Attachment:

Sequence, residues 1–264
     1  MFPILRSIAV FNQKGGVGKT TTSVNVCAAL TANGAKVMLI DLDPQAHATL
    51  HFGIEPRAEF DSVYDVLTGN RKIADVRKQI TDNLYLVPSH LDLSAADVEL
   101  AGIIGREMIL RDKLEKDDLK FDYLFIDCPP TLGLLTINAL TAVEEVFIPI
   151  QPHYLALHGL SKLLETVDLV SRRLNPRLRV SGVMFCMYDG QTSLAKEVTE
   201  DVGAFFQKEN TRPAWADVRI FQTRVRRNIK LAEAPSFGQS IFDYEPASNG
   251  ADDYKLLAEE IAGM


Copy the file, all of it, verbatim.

Sequence, residues 1–264
     1  MFPILRSIAV FNQKGGVGKT TTSVNVCAAL TANGAKVMLI DLDPQAHATL
    51  HFGIEPRAEF DSVYDVLTGN RKIADVRKQI TDNLYLVPSH LDLSAADVEL
   101  AGIIGREMIL RDKLEKDDLK FDYLFIDCPP TLGLLTINAL TAVEEVFIPI
   151  QPHYLALHGL SKLLETVDLV SRRLNPRLRV SGVMFCMYDG QTSLAKEVTE
   201  DVGAFFQKEN TRPAWADVRI FQTRVRRNIK LAEAPSFGQS IFDYEPASNG
   251  ADDYKLLAEE IAGM